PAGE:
Inner Mongolia: Korean Air Sponsors Annual Forestation Project
Over 65 employees of South Korea’s Korean Air took part in tree planting for the sixth consecutive year in Kubuqi desert, in an attempt to curb further desertification of the region.
The article below was published by China Daily:
More than 65 employees from the South Korean flagship carrier Korean Air headed for the Kubuqi desert in China's Inner Mongolia autonomous region in October  to carry out large-scale forestation.
Korean Air announced that it will plant 80,000 trees annually on 240,000 square meters of land in the Kubuqi desert during the next five years.
This year is the sixth consecutive year Korean Air is planting trees in the desert and signals the beginning of a second round of a program aimed at improving the environment of the area to curb further desertification.
"Korean Air has always attached great importance to development of the charitable programs for ecology issues. This is the duty of a corporate citizen to fulfill a social responsibility," said Chi Chang-hoon, president of Korean Air, who came to Inner Mongolia for this year's tree-planting.
The company also invited 55 students studying to be flight attendants from Inner Mongolia Normal University, as it has done in past years.
The Green Ecology Park program, which started in 2007, targets the Kubuqi desert, China's seventh-largest. The desert covers about more than 1 million hectares and is 400 kilometers in length. Being the closest desert to Beijing, it is regarded as the source of much of the city's spring dust invasions.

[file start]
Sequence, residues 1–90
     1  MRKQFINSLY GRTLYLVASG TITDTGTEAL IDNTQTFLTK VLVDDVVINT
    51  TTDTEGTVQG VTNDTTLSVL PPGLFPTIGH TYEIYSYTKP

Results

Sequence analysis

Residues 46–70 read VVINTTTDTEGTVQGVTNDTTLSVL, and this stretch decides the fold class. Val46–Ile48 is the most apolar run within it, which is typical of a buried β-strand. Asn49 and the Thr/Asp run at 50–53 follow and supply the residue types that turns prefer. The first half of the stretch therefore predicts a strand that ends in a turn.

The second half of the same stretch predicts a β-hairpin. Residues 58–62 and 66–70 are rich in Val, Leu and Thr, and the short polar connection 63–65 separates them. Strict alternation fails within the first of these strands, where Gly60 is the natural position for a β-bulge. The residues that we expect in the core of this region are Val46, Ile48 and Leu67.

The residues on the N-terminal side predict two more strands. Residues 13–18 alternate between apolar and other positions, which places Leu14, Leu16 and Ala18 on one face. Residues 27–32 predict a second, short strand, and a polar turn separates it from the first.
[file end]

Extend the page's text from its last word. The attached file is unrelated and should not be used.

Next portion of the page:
Due to excessive deforestation and rapid industrialization, soil erosion in the desert has long been a serious problem. It is estimated that the desert is expanding annually at a scale of five times the size of South Korea's capital, Seoul.
The desert affects the environment of neighbouring countries.
Chosun Ilbo, one of South Korea's major daily newspapers, once reported that the Kubuqi desert, which is more than 30 times the size of Seoul, was sending sandstorms to the Korean Peninsula every year. It said that many Korean companies were taking measures to tackle the problem.
From 2007 to 2011, Korean Air planted 1 million trees on a total of 3.18 million sq m of land to help prevent sandstorms and desertification in Northeast Asia.
"Korean Air will continue to carry out various forms of public environmental protection activities in order to repay the support and love of its Chinese passengers," said Chi.
The program is an important component of the South Korea-China Friendship Green Great Wall project, which is co-funded by the All-China Youth Federation and South Korea-China Future Forest, a non-governmental organization focused on forestation. The project aims to build up a 28 kilometers long forestation area measuring between three and eight kilometers wide.
The Kubuqi desert is not Korean Air's only target as it promotes eco-development. In November 2009, Korean Air gave out 5,000 eco-friendly bags to Beijing citizens to promote a greener lifestyle.
In July and October 2010, Korean Air sent its environment ambassadors dressed as Teddy Bears to Beijing Capital International Airport and Guangzhou Baiyun International Airport, distributing cards with environmental protection information on them to promote the concept of a low-carbon lifestyle.
From 2004, Korean Air has created 50,000 sq m of forest every year on the outskirts of Ulan Bator, capital of Mongolia. It has also planted trees in Los Angeles, in the United States, annually since 2009.
Korean Air now owns 148 aircraft and is one of the 20 biggest airlines in the world. Like many other Korean companies, it is making an effort to promote forestation and eco-friendly lifestyles in countries challenged by desertification, a move that benefits both those countries and their neighbors.